Guest Post from Timaty – You have X days left to live
October 6, 2017
My gran passed away last year. I didn’t realise it at the time, but looking back, she kept defying her doctors each time they told her that she had “X days left to live”. Since then I have spoken to a few friends and they have recounted similar stories, and it got me wondering what might be causing doctors to systemically underestimate remaining life expectancy…?
Maybe there is an element of survivorship bias? People tend to remember or place more emphasis on events where loved ones have defied the odds, and so there is a natural bias to think the doctors have underestimated more often than not. I think this might explain an element of this, but not the whole picture.
Some people that I have argued that Doctors might do this on purpose out of compassion. They want to make sure that both the person dying and their loved ones are prepared for when the moment comes. This sounds plausible and makes for a moving argument. But how must it feel to a dying person and their close friends and family to count down the time for their death and for it not to come? Possibly even get some false hope that things are going to get better when they defy the physician’s life expectancy statements time after time? I appreciate that underestimating may be preferable to overestimating, but again, I don’t think this account for the whole picture.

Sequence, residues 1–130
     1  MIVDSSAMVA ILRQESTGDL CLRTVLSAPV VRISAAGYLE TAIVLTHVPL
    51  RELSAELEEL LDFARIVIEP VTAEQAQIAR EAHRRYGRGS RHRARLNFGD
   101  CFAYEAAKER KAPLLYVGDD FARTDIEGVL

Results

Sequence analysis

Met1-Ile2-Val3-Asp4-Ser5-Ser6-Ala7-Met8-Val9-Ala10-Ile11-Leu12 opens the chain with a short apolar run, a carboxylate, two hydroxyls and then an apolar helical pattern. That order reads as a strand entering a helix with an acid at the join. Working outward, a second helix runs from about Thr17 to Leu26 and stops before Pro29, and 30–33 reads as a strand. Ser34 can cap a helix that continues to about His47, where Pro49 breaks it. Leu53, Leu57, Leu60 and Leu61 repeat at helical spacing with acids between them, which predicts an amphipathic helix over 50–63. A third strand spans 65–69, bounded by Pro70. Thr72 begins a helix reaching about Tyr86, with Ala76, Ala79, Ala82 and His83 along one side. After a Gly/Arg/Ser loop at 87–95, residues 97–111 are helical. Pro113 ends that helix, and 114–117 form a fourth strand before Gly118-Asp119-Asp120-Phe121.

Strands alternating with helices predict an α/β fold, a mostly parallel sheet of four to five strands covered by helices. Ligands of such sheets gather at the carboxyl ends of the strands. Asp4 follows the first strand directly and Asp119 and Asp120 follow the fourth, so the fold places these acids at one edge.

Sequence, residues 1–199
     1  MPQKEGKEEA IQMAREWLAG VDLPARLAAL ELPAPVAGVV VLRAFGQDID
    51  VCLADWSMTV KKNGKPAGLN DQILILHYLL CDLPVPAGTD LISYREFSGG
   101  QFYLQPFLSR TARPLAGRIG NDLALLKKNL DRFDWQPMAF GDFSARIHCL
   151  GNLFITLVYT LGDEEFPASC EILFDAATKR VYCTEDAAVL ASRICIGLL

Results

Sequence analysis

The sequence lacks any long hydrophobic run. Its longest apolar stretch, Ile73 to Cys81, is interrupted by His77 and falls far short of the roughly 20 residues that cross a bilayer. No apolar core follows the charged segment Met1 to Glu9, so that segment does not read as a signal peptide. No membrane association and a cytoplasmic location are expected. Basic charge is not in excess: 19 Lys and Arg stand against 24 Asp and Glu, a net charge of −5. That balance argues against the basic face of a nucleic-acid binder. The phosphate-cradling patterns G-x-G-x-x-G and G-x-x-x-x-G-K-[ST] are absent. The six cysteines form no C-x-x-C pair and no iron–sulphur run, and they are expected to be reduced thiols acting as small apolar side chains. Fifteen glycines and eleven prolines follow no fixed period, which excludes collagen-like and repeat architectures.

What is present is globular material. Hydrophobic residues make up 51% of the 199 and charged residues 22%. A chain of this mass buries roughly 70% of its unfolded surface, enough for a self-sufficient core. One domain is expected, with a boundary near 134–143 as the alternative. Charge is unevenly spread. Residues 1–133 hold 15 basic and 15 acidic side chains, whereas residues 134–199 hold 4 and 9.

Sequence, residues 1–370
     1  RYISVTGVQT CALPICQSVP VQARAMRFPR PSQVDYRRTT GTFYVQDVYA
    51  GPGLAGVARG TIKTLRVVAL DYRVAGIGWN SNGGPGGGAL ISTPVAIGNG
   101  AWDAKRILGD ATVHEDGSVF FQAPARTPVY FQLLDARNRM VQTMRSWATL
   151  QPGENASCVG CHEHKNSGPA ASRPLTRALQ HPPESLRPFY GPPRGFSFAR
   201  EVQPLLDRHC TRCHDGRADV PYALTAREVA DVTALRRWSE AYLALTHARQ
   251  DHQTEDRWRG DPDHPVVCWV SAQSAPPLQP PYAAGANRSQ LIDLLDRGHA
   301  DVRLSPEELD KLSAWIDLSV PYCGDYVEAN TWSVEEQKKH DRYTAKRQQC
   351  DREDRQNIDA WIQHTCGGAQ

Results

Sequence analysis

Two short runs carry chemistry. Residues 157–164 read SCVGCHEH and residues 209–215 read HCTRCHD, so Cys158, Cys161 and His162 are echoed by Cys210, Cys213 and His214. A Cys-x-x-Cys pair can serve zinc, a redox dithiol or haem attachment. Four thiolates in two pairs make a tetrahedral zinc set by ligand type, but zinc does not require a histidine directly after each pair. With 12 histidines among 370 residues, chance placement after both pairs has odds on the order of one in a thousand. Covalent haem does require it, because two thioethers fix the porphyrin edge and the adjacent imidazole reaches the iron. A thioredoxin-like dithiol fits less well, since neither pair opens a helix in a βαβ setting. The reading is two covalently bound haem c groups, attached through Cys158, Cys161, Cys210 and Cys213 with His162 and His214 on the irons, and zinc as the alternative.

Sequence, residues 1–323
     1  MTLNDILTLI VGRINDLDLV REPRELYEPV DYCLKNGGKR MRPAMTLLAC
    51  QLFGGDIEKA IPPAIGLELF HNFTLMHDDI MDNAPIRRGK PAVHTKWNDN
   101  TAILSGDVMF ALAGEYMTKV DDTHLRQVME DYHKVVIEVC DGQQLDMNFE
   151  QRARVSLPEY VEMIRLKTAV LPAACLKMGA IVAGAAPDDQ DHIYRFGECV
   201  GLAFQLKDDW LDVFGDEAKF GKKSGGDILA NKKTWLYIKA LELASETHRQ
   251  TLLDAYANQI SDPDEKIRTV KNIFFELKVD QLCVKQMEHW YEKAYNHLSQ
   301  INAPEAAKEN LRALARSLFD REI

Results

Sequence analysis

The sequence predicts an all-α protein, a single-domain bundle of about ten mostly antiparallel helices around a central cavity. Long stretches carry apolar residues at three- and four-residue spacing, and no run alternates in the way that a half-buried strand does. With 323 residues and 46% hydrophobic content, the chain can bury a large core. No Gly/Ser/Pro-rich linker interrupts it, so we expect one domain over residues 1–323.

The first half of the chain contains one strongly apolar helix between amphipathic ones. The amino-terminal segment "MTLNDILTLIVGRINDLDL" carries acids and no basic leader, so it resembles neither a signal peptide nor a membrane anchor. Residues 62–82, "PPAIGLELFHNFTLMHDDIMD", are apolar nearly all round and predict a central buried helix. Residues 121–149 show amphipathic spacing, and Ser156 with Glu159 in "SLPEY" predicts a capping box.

Doctors are trained to be doctors and not statisticians
In my opinion the piece of the puzzle complementing the above two reasons is that doctors have trained long and hard to be good at what they do. Sure there is an element of compulsory statistics when training to be a doctor, but being a good statistician is not a core part of the job requirement, and a lack of subsequent use of this statistical training will make it difficult for doctors to use the data around them to interpret the life expectancy for a particular patient.
Most doctors will establish remaining life expectancy for their patient by consider their past patients that have been in similar positions. The trouble is that information about past patients is from the past. By not explicitly considering improvements in medical procedures and medical care doctors are likely underestimating life expectancy, albeit unintentionally. This is compounded for the prognoses of longer term terminal illnesses.
Well, probably nothing. Nothing is likely to change and the status quo is okay – whatever the actual underlying reason may be, a slight bias to underestimating is preferable to overestimating remaining life expectancy. This was just another pondering on life.